It’s no coincidence that many men and increasing numbers of women follow politics and sports. The two activities do have a lot in common, starting with the fact they both eventually produce clear winners and losers. And, as tantalising as they can be, near misses and close losses are still defeats.
This is proven every week in NFL stadiums, as the margins of victory often become closer, but the winners still rise and the losers still sink.
Politics is similar, though some optimistically see a near miss as a sign of future changes. Recent headline-grabbing political contests in Georgia and Florida come to mind. In Georgia, the electrifying Stacey Abrams streaked across the political sky like a comet, first startling her Democratic party by winning the nomination for governor and then taking incumbent Republican secretary of state Brian Kemp deep into the fourth quarter before finally admitting that it didn’t look like she could win the contest.
In Florida, handsome and progressive Tallahassee mayor Andrew Gillum upended the political establishment in somewhat similar fashion to force congressman Ron DeSantis into a recount in their race for governor to succeed Rick Scott. But DeSantis, too, has emerged victorious. Scott, meanwhile, also had to survive a recount before winning his own race for a US Senate seat against incumbent Bill Nelson.
Many observers are stressing that Gillum and Abrams are both African Americans in red Southern states whose opponents were in positions where they oversaw voter registration and the conduct of the elections. So liberals across the United States are trumpeting these near misses as signs that American politics run by aging white older men is changing.
In Washington, the US Senate, still controlled by older white Republican men, will probably change very little.
A challenge is building to the continuing reign as leader of House Democrats of Rep. Nancy Pelosi, a San Francisco area congresswoman from a safe liberal district. As Hillary Clinton discovered two years ago, a woman with a long tenure in American national politics still attracts a virulent response from significant portions of the electorate – men and women alike. Pelosi has been an easy, familiar target of Republican polemicists for decades, and some of the many Democratic congressmen and women who were just elected ran with a pledge to overturn her bid to again become Speaker of the House.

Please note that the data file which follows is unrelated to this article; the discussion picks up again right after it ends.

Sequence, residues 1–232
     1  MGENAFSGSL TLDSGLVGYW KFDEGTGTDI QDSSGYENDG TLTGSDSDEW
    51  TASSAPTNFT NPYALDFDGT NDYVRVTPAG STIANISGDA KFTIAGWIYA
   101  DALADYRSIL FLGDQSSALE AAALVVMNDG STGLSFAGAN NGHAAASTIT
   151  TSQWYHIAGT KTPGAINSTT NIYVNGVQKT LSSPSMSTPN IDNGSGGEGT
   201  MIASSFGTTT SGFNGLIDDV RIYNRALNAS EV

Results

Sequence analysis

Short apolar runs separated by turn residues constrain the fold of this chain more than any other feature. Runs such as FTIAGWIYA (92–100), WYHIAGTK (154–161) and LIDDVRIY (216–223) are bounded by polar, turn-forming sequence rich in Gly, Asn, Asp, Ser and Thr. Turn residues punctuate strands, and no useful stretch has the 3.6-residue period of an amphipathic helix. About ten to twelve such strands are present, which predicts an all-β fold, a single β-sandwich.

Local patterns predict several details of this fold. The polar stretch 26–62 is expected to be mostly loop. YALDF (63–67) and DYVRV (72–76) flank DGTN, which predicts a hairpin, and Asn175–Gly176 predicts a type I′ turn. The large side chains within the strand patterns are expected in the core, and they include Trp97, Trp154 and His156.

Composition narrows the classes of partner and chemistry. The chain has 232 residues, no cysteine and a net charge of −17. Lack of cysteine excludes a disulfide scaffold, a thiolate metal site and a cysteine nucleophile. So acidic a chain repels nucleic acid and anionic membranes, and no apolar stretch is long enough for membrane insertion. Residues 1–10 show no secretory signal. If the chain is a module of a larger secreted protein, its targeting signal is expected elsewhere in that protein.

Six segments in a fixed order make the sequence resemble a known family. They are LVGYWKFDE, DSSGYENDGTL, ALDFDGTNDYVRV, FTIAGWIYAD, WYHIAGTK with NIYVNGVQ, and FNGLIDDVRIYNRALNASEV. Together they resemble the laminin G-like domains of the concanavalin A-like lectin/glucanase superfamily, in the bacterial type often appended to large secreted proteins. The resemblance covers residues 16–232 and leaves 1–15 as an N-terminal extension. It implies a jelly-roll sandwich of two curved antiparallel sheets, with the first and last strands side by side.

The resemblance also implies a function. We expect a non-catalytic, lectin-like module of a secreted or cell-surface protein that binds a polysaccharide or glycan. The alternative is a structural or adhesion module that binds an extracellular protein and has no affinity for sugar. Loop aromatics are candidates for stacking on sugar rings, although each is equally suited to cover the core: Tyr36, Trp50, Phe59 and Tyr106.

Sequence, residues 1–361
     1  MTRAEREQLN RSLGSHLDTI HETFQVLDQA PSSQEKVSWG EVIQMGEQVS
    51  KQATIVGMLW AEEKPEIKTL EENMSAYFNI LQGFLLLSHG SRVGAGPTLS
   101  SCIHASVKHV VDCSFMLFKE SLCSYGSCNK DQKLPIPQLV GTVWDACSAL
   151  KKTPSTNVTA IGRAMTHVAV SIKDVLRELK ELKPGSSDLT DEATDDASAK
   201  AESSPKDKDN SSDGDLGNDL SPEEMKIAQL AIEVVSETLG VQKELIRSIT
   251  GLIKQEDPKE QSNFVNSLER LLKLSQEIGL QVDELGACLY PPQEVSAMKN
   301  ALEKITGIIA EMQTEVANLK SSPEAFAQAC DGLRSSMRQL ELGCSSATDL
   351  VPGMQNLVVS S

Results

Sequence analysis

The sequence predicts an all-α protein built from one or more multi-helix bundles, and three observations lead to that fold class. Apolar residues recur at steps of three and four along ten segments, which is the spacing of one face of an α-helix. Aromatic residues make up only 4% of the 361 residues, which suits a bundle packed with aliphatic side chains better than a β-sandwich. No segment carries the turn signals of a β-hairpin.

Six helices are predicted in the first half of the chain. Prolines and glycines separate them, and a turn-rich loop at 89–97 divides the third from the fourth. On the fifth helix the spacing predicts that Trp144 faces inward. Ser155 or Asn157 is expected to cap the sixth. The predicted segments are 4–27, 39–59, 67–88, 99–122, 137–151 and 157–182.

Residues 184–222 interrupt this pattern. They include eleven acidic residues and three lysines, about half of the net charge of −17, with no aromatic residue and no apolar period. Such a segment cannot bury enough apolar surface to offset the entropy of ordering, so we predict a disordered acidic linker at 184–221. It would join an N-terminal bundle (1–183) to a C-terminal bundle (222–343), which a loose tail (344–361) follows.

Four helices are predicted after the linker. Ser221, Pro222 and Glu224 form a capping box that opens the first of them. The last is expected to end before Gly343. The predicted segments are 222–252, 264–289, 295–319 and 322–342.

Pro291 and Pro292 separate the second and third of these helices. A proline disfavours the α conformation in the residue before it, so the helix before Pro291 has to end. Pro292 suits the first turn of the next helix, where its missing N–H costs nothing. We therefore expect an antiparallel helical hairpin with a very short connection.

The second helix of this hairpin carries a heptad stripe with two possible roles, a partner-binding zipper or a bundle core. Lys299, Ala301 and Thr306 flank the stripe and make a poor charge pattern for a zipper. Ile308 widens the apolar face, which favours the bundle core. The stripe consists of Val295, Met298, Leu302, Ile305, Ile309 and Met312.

Pelosi is nonetheless a heavy favourite to retain her leadership position and serve again as the presiding officer in the House of Representatives.
Gillum and Abrams have made a huge impression in their states and nationally. But the election is over.
The election changed little in nearby Florida. DeSantis has amply demonstrated during the campaign and recount that he is as partisan as anyone, and is likely to use the power of his governorship to manipulate the state’s political machinery to favour his Republican party and its incumbent president.
During the upcoming 2020 America census and the redrawing of congressional district lines that will follow, governors like DeSantis and Kemp will exercise major influence in trying to forestall the progress of Florida and Georgia from reliably “red” Republican states to “purple” states where Democratic and Republican candidates can compete on reasonably even terms. In Florida particularly, Republicans now control virtually every significant statewide position.
Since Florida has now in many minds replaced Ohio as the key national bellwether state without whose support no presidential candidate can reasonably expect to prevail, these are significant developments.
Nationally, Democrats will use their new control of the House to obstruct, undermine and try to help bring about the first defeat of an incumbent US president since 1992.
The House has budget and subpoena power, so the Democrats can be expected to compel compromises with the White House and Congressional Republicans on various issues. Repeal of the Affordable Care Act seems mercifully dead. It is possible that immigration reform and progress on rebuilding America’s highways, bridges and other infrastructure can move ahead.
But the big headlines will come from reinvigorated Congressional inquiries into the 2016 presidential election and general misbehaviour by the president and his cabinet appointees. And protection of special counsel Robert Mueller will be a particular priority.
Things should get interesting.